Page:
Hawking calls for AI regulation in posthumously published essays
Image credit: dt
In a collection of essays published posthumously by Penguin, the late cosmologist Stephen Hawking lays out his predictions for the future of humanity, including the rise of an elite ‘superhuman’ species.
Excerpts from the book of essays (‘Brief Answers to the Big Questions’) were published in the Sunday Times this weekend.
Before his death in March 2018, Hawking was famed not just for his influential work in cosmology but also for his commentary on subjects beyond his academic field, such as the acceleration of machine learning technology, the destructive nature of climate change and the impact of Brexit on UK science.
In ‘Brief Answers’, Hawking warns of the potential dangers of unchecked artificial intelligence (AI) being trusted with important responsibilities. “In the future, AI could develop a will of its own, a will that is in conflict with ours,” he comments, adding that it is necessary to regulate AI, particularly smart autonomous weapons systems.
“In short, the advent of super-intelligent AI would be either the best or the worst thing ever to happen to humanity. The real risk with AI isn’t malice, but competence,” he says. “You’re probably not an evil ant-hater who steps on ants out of malice, but if you’re in charge of a hydroelectric green-energy project and there’s an anthill in the region to be flooded, too bad for the ants. Let’s not place humanity in the position of those ants.”
Other high-profile scientists and innovators who have spoken publicly about AI include Jim Al-Khalili, who has encouraged discussion about AI regulation, and Elon Musk, who has described AI as a “fundamental risk to the existence of human civilisation”.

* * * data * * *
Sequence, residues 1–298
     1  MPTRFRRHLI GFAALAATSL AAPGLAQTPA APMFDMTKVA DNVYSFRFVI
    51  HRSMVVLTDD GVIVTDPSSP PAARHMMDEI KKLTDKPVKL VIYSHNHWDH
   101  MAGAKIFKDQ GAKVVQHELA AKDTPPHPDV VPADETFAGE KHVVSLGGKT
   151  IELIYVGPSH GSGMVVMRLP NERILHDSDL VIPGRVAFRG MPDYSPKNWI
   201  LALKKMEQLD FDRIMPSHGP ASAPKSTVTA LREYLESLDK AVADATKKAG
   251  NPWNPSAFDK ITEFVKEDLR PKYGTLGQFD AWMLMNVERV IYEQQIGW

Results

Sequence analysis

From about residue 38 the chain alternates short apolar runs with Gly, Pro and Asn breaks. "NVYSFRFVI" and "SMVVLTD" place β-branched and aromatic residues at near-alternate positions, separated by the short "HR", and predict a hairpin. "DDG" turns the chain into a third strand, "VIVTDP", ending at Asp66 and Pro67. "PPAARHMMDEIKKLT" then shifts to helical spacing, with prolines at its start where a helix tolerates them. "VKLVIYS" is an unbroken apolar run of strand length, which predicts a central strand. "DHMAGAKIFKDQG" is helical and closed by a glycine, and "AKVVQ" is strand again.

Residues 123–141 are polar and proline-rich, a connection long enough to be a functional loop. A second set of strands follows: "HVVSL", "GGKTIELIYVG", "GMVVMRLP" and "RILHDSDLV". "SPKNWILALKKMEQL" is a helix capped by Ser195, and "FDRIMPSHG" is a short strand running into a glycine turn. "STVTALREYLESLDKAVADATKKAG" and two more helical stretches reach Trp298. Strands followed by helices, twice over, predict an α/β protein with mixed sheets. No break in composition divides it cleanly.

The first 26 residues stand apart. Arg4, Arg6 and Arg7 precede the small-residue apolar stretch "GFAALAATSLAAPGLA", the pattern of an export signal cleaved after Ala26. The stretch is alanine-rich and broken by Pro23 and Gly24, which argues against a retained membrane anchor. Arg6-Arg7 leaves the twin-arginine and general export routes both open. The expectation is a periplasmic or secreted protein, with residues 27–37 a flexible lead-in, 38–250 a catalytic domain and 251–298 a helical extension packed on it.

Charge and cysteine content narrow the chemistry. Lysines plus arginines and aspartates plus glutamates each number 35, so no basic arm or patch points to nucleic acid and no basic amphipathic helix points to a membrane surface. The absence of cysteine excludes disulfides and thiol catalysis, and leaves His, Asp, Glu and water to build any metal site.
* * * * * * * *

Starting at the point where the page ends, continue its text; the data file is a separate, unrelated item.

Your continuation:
Speaking on the subject of other existential threats, Hawking opines that an asteroid impact, environmental catastrophe or nuclear war will “cripple” the planet in the next 1000 years. He describes how a rise in global average temperature could transform Earth’s climate to the extent that it is comparable with that of Venus.
Despite his assuredness that calamity would arrive within a millennium, Hawking also writes that humans would find a way to “slip the surly bonds of Earth and will therefore survive the disaster” in the case of nuclear or environmental meltdown.
He comments that while other species – and many humans – would not survive these outcomes, the humans who set up civilisation elsewhere would likely belong to their own elite subspecies of ‘superhuman’ capable of expanding into space colonies. These humans would use technology – such as CRISPR gene editing technology – to fix genetic defects and eventually augment their natural cognitive and physical characteristics, such as by boosting memory capacity and moderating aggression.
“We are now entering a new phase of what might be called self-designed evolution, in which we will be able to change and improve our DNA,” he writes. “We have now mapped DNA, which means we have read the “book of life” so we can start writing in corrections […] Laws will probably be passed against genetic engineering with humans. But some people won’t be able to resist the temptation to improve human characteristics, such as size of memory, resistance to disease, and length of life.”
While acknowledging the severe competition that this will present ordinary humans, Hawking does not present this transhumanist future as entirely negative, arguing that there is “no time to wait for Darwinian evolution to make us more intelligent and better natured”.
Other subjects covered in Hawking's book include his take on the reasons why aliens have not yet been observed (humans have overlooked different types of intelligent life), whether a personal God exists (no) and the best idea that humanity is yet to make happen (nuclear fusion power).
Sign up to the E&T News e-mail to get great stories like this delivered to your inbox every day.